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RTI makes Netaji rise from 'ashes'

ibnlive.com
Jun 20, 2007 at 06:00am IST

New Delhi: The mystery about Netaji Subhas Chandra Bose's death is acquiring a mythical quality.

And now the Ministry of External Affairs has added to the many confusing tales about the fiery leader’s fate.

The MEA has informed the Delhi-based 'Mission Netaji' that the ashes and remains of the leader were still at Renkoji temple in Tokyo.

MYTH AND MYSTERY: At the root of the latest Netaji confusion is a note dateing back to 1954.

At the root of this confusion is a note that dates back to 1954.

The note (details: UO No D/S13170 of 2/12/1954) was written by secretary to the then prime minister Jawaharlal Nehru, M O Mathai and said that "a small amount of Rs 200 odd were received by minister of External Affairs from our Embassy in Tokyo alongwith the ashes and other remains of Netaji Subhas Chandra Bose".

It was after getting hold of this note that ‘Mission Netaji’'s Anuj Dhar and Chandrachur Ghosh approached the MEA and PMO in September 2006, seeking explanation.

Both Dhar and Ghosh demanded the PMO officials state the facts vis-a-vis the note under Right to Inforamtion Act.

In their application, Dhar and Ghosh wanted to know whether the ashes and other remains of Netaji were ever received in India by Nehru, who was also the then external affairs minister.

PTI reports that the duo also wanted to know if the ashes were received or disposed off and why was the information withheld from the public at alrge.

A question was also raised about the probability of Netaji's ashes being to remain in Tokyo.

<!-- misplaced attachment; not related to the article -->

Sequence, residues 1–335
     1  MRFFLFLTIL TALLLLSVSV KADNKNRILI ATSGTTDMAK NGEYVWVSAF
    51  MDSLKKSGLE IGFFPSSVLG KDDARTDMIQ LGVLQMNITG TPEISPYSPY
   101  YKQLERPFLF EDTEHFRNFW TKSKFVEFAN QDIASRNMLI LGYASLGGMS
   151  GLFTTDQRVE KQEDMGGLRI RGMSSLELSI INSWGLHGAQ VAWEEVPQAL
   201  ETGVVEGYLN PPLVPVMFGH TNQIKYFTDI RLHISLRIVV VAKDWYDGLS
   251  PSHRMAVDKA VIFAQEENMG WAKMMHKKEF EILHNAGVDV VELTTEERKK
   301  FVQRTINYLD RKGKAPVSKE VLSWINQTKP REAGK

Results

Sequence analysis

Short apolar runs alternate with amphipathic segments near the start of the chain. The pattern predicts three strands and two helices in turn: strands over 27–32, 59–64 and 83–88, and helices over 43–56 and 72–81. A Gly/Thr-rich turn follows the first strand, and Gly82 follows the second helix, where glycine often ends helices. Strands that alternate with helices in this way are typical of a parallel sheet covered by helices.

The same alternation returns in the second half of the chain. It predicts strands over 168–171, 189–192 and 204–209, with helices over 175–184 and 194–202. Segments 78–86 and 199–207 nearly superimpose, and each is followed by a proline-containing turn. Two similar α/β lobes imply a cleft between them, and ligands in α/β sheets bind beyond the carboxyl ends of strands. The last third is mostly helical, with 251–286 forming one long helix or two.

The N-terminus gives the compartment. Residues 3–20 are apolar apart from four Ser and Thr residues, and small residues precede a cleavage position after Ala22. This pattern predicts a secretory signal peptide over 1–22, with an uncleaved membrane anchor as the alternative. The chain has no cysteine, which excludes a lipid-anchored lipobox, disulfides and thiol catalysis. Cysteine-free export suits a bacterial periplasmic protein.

In a letter dated March 2, Additional Secretary in the MEA, Ajai Choudhary informed Mission Netaji that, "as per as the ministry was aware the alleged ashes and remains are still at the Renkoji temple, Tokyo."

“The Indian Liasion mission in Tokyo had conducted some investigation and reported that the ex-president Indian Independence League, Japan, had confirmed to the former director of the Information office of Netaji's Independent government that he himself received the ashes of Netaji in September 1945 and entrusted them to the custody of Renkoji temple," agencies quoted from MEA letter.

Significantly, Choudhary said in his letter "that the chief priest of Renkoji Temple wrote to Jawaharlal Nehru on November 23, 1953 that he has been keeping the of ashes of Netaji since Sepember 18, 1945."

However, the MEA played safe as well. "Such records may be available from Ministry of Home Affairs which is the nodal ministry in respect of the subject under consideration," it said.

This didn’t seem to convince the men, hot on Netaji’s trail. "We can't figure out which version is true because the government response under the RTI have only added confusion surrounding Mathai's note," Dhar was quoted as saying.

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